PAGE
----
Is It Too Late? Recent Appeals Court Decision Warrants Careful Consideration of Statute of Limitations Defense in Accounting Malpractice Actions

On March 9, 2018, a three justice panel of the Appeals Court affirmed that an accounting malpractice claim was properly dismissed based on the statute of limitations.  In Stotsky-Hilman vs. Dietrich, No. 17-P-891, 2018 WL 1220761 (Mass. App. Ct., Mar. 9, 2018), the panel affirmed summary judgment in favor of the certified public accountant and his firm on claims of breach of contract, negligence, and unfair and deceptive trade practices under G.L. c. 93A.

The case arose out of business valuations.  In January of 2008, a certified public accountant, Mr. Dietrich, and his firm were engaged on behalf of the plaintiff, Sharon Stotsky-Hilman, to prepare a valuation of her medical practice for her pending divorce case.  The engagement letter required the valuation to be prepared in conformance with the Business Valuation Standards of the American Society of Appraisers.  Mr. Dietrich agreed to perform the valuation on an hourly basis and estimated that it would cost approximately $14,000.  Mr. Dietrich prepared his valuation and revised it on several occasions.  On May 18, 2011, a judge of the Probate and Family Court rejected Mr. Dietrich’s valuation and divided the marital estate.  Mr. Dietrich sent invoices for his services.  By June 30, 2011, he had billed approximately $113,000 for his services.  The plaintiff sued Mr. Dietrich and his firm on October 22, 2015 alleging, inter alia, that the services were deficient and the billing was excessive.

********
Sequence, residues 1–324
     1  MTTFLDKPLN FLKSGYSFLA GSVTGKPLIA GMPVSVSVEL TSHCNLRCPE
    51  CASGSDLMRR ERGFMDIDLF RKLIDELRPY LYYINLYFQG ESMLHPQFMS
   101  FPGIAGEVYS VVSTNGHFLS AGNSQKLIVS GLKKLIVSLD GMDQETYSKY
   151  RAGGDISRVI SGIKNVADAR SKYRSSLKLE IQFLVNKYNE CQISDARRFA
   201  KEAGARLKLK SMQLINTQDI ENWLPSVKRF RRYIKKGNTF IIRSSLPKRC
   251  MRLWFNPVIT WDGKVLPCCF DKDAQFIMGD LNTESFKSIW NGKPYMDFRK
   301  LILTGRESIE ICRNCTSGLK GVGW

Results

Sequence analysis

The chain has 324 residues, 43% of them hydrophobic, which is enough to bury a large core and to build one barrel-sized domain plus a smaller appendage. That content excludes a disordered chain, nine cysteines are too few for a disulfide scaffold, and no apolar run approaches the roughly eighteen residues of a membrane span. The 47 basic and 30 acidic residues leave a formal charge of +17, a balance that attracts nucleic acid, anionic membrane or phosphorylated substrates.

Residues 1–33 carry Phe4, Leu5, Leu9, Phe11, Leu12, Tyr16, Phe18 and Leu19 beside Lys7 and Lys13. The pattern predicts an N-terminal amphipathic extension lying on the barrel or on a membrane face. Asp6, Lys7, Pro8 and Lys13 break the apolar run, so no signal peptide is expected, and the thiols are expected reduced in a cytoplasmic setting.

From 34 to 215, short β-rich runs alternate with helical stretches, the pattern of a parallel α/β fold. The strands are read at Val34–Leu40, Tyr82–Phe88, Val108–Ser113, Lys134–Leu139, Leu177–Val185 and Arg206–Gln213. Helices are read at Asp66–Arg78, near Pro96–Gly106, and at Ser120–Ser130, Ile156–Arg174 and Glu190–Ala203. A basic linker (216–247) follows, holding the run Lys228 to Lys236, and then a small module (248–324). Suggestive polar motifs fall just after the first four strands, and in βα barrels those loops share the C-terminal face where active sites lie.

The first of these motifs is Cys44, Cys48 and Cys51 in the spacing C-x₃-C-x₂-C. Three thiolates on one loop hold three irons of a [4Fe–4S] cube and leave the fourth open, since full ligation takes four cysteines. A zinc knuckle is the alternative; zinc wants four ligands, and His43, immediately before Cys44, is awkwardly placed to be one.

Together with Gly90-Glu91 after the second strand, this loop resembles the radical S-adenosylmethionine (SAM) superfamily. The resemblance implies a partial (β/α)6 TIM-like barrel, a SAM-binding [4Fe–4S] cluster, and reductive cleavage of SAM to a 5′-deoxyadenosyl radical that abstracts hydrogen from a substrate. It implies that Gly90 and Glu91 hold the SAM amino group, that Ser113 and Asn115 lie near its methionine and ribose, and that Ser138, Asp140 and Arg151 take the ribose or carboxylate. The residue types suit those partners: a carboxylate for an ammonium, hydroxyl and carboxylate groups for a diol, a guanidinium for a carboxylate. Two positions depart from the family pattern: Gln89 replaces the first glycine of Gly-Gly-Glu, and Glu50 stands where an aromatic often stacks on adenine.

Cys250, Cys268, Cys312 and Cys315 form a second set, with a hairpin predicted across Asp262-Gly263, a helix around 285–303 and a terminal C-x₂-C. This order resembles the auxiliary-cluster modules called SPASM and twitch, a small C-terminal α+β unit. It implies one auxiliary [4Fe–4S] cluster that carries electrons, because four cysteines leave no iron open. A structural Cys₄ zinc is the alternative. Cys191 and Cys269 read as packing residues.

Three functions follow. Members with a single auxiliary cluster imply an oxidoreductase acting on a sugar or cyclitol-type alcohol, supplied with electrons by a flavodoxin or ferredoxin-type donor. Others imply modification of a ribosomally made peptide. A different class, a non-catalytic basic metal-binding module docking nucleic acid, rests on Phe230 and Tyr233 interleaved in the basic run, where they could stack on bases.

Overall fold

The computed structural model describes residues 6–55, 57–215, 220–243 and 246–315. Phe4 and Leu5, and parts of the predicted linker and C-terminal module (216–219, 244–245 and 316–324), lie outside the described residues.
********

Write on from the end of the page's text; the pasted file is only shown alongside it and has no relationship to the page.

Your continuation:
The panel at the Appeals Court held that the plaintiff’s claims were time barred.  It rejected the plaintiff’s attempt to circumvent the statute of limitations on the basis that the contract claims were distinct from the tort-based malpractice claims.  The panel acknowledged that contract and tort claims against certified public accountants are generally subject to a three-year statute of limitations.  Even if G.L. c. 260, §4 did not explicitly bar the plaintiff’s contract claims, the panel agreed that it would have reached the same result if it looked at the gist of the action.  The gist of the lawsuit was a tort-based malpractice claim; specifically, the plaintiff was alleging that the accounting services were so inept that they were rejected by the court and caused the plaintiff to pay more than she otherwise would have paid in the divorce.  The panel further reasoned that unlike a contract action, the engagement letter did not impose a higher standard of care than “the standard of reasonable care required of members of [the] profession” or promised a specific result.  The panel went on to hold that even though G.L. c. 93A claims are subject to a four-year statute of limitations, there was no genuine issue of material fact demonstrating that the plaintiff had notice of the overbilling in June of 2011.

The lessons from this case are clear.  Experienced practitioners should examine the possibility of a statute of limitations defense in accounting malpractice claims with their clients as early as possible.  The Appeals Court’s decision to issue an unpublished disposition reflects an opinion that cases involving the statute of limitations in the accounting malpractice context may no longer involve “substantial question[s] of law.” As such, the proper preparation, investigation, and use of the statute of limitations defense may lead to an early claim resolution.